How to make a simple compass

Use a magnet, a needle and a cork to track north and south

Image credit: Future PLC/ © Illustrations by Ed Crooks

1. Rub the needle

First, you will need to find a bar magnet and a sewing needle. Now hold the needle by the eye – where the hole is – and rub the north end of the bar magnet along the length of the needle. Lift the magnet away from the needle, then move it to the other end and rub it again. You will need to repeat this process 50 times to ensure your needle is correctly charged.

Image credit: Future PLC/ © Illustrations by Ed Crooks

2. Magnetised

By rubbing the magnet along the needle you are moving the charged particles inside the metal, called electrons. Normally they all point in different directions, so the metal of the needle doesn’t have a magnetic pull in any particular direction. However, when you rub the magnet along the needle the particles all line up, creating a charge in one direction.

Image credit: Future PLC/ © Illustrations by Ed Crooks

3. Stick it on

In order to create your compass, you need to place your needle in a place that will be able to turn freely, without friction stopping it moving. The easiest way to do this is to place your needle in water – but you need it to float! To make it float, put some sticky tack on the top of a cork and stick the needle into the tack so that it’s balanced on the top.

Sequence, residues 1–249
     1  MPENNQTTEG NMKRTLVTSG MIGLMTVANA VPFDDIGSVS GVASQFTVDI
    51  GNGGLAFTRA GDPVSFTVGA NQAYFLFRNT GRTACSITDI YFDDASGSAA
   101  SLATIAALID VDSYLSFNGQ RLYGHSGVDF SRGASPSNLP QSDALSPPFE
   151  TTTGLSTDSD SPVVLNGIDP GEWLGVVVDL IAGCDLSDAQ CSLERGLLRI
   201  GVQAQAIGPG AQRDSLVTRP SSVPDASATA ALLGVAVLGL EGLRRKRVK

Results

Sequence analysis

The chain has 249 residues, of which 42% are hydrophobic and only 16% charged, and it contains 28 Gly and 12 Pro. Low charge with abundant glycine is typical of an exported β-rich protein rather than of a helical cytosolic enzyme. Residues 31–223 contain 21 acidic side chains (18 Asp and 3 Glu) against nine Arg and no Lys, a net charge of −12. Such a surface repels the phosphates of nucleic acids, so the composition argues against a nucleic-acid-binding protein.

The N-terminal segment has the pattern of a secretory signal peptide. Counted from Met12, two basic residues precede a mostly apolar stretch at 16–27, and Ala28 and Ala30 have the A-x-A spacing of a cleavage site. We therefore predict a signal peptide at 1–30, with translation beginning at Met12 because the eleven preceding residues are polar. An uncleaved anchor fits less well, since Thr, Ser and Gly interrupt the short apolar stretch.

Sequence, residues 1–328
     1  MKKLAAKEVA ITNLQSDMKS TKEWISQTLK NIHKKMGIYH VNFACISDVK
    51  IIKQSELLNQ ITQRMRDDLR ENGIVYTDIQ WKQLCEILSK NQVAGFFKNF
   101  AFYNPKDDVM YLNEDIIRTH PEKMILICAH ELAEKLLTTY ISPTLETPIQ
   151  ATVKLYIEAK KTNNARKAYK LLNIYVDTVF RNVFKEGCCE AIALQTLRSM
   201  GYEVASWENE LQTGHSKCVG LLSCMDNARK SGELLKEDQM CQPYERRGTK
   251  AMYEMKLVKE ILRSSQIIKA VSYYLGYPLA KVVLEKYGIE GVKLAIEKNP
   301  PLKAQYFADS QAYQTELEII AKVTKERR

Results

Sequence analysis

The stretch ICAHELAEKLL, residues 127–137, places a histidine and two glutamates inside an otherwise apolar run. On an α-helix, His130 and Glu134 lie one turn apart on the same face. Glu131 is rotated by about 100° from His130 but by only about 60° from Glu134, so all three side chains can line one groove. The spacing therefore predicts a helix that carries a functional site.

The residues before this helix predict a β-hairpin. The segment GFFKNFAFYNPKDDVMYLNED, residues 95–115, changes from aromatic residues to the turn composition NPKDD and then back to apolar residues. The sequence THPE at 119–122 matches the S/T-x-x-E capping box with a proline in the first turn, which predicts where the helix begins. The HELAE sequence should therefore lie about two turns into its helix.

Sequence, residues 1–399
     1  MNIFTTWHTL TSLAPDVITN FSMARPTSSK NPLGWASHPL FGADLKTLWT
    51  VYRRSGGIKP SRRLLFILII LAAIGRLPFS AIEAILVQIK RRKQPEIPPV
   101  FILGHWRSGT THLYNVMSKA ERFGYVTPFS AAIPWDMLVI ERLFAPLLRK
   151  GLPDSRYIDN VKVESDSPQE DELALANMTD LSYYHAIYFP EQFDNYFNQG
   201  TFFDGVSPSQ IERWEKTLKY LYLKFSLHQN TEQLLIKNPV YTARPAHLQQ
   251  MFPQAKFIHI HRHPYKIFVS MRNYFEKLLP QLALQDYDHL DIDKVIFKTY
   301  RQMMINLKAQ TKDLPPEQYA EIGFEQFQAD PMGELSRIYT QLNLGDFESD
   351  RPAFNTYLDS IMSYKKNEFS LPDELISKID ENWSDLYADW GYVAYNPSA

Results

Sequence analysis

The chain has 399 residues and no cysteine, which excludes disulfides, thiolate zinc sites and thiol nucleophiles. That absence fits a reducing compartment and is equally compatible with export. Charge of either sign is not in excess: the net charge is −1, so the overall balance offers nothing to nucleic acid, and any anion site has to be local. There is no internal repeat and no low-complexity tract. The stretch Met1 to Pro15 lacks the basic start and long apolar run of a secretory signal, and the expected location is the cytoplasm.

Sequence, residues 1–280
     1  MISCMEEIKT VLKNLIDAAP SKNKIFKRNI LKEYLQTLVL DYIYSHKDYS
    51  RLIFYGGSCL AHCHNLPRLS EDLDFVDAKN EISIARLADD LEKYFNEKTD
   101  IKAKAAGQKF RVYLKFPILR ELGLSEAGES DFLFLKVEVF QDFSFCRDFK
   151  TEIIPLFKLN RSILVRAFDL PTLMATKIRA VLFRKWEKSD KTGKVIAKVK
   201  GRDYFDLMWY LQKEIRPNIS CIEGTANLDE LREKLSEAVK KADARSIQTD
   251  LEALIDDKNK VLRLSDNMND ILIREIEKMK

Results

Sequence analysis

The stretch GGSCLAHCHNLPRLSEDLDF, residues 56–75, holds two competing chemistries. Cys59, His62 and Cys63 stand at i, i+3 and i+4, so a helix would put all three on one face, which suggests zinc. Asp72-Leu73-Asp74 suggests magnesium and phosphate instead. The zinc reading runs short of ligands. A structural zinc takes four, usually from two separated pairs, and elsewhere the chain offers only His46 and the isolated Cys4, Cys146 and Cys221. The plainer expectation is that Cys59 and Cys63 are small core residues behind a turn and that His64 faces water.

Image credit: Future PLC/ © Illustrations by Ed Crooks

4. Get it floating

Run some water into a bowl and let it settle for a few minutes. Any small movements in the water might cause the cork to move, so you want the water to be as calm as possible. When the water is calm, carefully place the cork in the centre of the bowl so that the needle is on top and can move freely. If it starts moving towards the edge of the bowl, stop it with your finger.

Image credit: Future PLC/ © Illustrations by Ed Crooks

5. North and south

Wait a moment and the cork and needle should start to move – you might have to wait a little while for the needle to settle. The eye of the needle should end up pointing north, while the sharp part of the needle will point south. This works because of the magnetic field created by the metals in the Earth, which affect all kinds of magnetic objects.


Magnets create magnetic fields, and these show the pulling power that the magnet has. The Earth’s molten metallic core means the planet is like a huge bar magnet, so when you charge a needle like this, it lines up with the magnetic field of the Earth and points north. That’s why people can use compasses to navigate!

Disclaimer: Neither Future Publishing nor its employees can accept any liability for any adverse effects experienced during the course of carrying out these projects or at any time after. Always take care when handling potentially hazardous equipment or when working with electronics and follow the manufacturer’s instructions.

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